We are seeing more and more evidence as to the impact that the world's rapidly ageing population will have on health and social systems around the globe. In the next decade the senior (over 60) population is forecast to grow 56 percent faster than the global population. As a result, countries across the world are grappling with how to efficiently maintain quality of care with shrinking resources.
This is particularly worrying considering the BBC's recent analysis of the Care Quality Commission findings that care homes are closing at an alarming rate in the UK. Although, this is perhaps not surprising considering the cost of caring for an elderly person in a nursing home can be more than five times the cost of providing in-home care.
An AI-first world doesn't have to exclude healthcare, advances in technology can help to reduce the UK's bill for elderly care. Embracing the internet of things (IoT), smart devices, and cloud based technologies, which can alleviate the pressures on councils, and help combat the impact of the forever growing ageing population. These advanced technologies have a vital role to play in meaning patients, health professionals and families can stay connected at all times and in real-time. While simultaneously both improving standards of elderly care, and enabling them to stay in their own homes for longer.
The always-on, connected world makes the difference between seniors being able to stay in their home and having to make the move to assisted living. Especially in the age of the IoT, where smart devices are connected via the web to ensure a seamless transfer of information and automation of processes. Examples of how care can be revolutionised include:
The smart home
Advancements in automated home technologies make it much easier to carry out daily tasks. This includes smart fridges that can automatically order basic grocery items, or smart medicine cabinets that can provide the elderly with their daily pills. As well as mobile device or timer controlled curtains, lights, motion sensors, fall alarms, and out-of-bed detectors etc.
Remote access and communication
With mobile-first applications, family members or home-care workers can check from a distance that an elderly patient is taking the right medication, or pass instructions to a partner or neighbour on how to administer medication. Video care capabilities can also help, making it easier for healthcare professionals to give instant diagnosis or remote assistance. Or providing those who are housebound or less mobile the ability to connect with a home-care worker, a psychologist, a doctor, or a family member to alleviate loneliness.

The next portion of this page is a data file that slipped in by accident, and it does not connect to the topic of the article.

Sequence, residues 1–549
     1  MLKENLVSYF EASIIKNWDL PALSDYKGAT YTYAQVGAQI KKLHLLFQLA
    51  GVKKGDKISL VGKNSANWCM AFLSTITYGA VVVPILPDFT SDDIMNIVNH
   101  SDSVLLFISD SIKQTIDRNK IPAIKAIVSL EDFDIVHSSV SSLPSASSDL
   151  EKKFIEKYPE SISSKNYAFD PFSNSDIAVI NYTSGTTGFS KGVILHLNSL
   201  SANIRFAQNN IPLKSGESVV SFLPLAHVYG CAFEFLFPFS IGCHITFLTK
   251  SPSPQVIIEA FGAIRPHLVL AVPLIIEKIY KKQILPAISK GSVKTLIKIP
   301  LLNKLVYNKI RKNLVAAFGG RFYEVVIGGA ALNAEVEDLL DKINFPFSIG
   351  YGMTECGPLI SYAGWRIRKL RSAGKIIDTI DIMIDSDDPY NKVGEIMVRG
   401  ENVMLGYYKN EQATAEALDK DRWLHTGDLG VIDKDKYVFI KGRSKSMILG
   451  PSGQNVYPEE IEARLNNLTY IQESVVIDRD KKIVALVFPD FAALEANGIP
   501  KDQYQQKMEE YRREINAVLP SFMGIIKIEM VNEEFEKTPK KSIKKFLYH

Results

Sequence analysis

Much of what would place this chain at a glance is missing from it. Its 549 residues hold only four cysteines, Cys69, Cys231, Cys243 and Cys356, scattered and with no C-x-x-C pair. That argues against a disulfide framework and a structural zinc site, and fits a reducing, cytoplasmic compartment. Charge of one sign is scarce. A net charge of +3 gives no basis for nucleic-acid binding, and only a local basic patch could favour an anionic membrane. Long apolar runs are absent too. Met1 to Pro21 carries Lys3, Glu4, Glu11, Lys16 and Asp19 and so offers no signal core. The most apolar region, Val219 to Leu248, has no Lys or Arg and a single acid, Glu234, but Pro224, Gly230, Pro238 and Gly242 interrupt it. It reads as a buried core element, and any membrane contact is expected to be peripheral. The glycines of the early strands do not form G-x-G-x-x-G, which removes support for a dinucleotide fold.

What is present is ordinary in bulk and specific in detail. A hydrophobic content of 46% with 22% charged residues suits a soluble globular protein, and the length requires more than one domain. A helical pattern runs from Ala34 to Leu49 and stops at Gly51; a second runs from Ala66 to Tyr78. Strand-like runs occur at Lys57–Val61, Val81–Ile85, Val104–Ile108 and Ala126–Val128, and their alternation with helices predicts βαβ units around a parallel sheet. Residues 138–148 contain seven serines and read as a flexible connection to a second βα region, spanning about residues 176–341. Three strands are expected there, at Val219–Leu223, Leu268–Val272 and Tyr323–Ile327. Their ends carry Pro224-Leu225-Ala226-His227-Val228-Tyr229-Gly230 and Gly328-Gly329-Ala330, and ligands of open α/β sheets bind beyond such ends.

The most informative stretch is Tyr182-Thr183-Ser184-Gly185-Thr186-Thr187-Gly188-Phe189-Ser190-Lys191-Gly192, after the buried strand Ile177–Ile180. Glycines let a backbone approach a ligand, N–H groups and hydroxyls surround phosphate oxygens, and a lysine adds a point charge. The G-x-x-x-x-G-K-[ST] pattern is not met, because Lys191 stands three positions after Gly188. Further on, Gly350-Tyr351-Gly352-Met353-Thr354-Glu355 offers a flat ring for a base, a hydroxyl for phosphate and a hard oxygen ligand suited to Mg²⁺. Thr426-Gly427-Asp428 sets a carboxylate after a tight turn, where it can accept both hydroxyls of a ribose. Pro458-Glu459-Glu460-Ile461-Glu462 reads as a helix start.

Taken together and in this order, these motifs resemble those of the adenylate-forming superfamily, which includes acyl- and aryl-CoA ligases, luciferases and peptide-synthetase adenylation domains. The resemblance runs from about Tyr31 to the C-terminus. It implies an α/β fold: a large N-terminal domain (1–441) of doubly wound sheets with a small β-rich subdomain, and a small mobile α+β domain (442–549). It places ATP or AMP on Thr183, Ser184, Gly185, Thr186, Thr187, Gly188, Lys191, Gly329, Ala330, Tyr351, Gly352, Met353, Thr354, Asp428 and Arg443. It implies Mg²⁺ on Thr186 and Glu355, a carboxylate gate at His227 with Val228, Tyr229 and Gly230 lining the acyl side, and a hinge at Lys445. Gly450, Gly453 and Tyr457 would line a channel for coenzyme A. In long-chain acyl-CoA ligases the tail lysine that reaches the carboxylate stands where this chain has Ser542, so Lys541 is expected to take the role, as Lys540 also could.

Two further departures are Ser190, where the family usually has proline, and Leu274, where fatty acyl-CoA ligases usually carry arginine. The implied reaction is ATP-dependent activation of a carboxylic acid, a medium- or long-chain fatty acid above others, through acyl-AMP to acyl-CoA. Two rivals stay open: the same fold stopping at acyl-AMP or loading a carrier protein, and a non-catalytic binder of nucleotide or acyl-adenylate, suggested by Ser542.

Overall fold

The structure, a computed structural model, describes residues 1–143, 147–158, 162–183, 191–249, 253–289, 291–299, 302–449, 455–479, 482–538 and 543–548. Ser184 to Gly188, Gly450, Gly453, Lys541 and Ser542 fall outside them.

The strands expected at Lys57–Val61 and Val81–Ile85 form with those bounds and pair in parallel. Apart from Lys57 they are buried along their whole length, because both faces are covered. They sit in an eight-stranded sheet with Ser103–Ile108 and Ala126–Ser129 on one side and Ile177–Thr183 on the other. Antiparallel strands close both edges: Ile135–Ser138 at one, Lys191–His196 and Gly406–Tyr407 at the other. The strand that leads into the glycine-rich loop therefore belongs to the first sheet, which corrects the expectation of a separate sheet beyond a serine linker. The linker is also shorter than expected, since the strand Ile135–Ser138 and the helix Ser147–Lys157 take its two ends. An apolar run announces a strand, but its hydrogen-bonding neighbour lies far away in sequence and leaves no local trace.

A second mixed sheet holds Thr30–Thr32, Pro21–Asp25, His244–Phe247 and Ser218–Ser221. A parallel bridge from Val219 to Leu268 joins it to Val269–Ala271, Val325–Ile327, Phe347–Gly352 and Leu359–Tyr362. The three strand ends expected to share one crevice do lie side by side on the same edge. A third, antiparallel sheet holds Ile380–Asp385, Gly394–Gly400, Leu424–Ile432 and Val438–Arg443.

For healthcare professionals, real-time, dynamic, scheduling systems help to organise home visits and reduce time spent travelling between elderly patients by plotting the most effective route based on travel conditions and patient locations for ultimate efficiency. Or access to files (such as a full medical history) on any device at any time enables them to make immediate decisions. While safe access controls ensure a secure way to control who has access to a property should patients be unable to answer the door. This can also hook up to internal camera systems, reassuring and informing family members of who has entered the home and when.
All of these technologies dramatically enhance an elderly person's quality of life and ability to live independently. While also giving volunteers, caregivers, professionals, and response centres joined up, seamless communications, and patient information, which means elderly people can stay in their homes and remain independent for longer. This delivers the healthcare industry a cost-effective, scalable, secure and highly efficient way to provide more personalised and reliable communications - potentially saving the UK government millions of pounds every year. This is already a reality in The Netherlands, where we provide services for 10,000 eldercare patients in their own homes with a combination of tools mentioned above.
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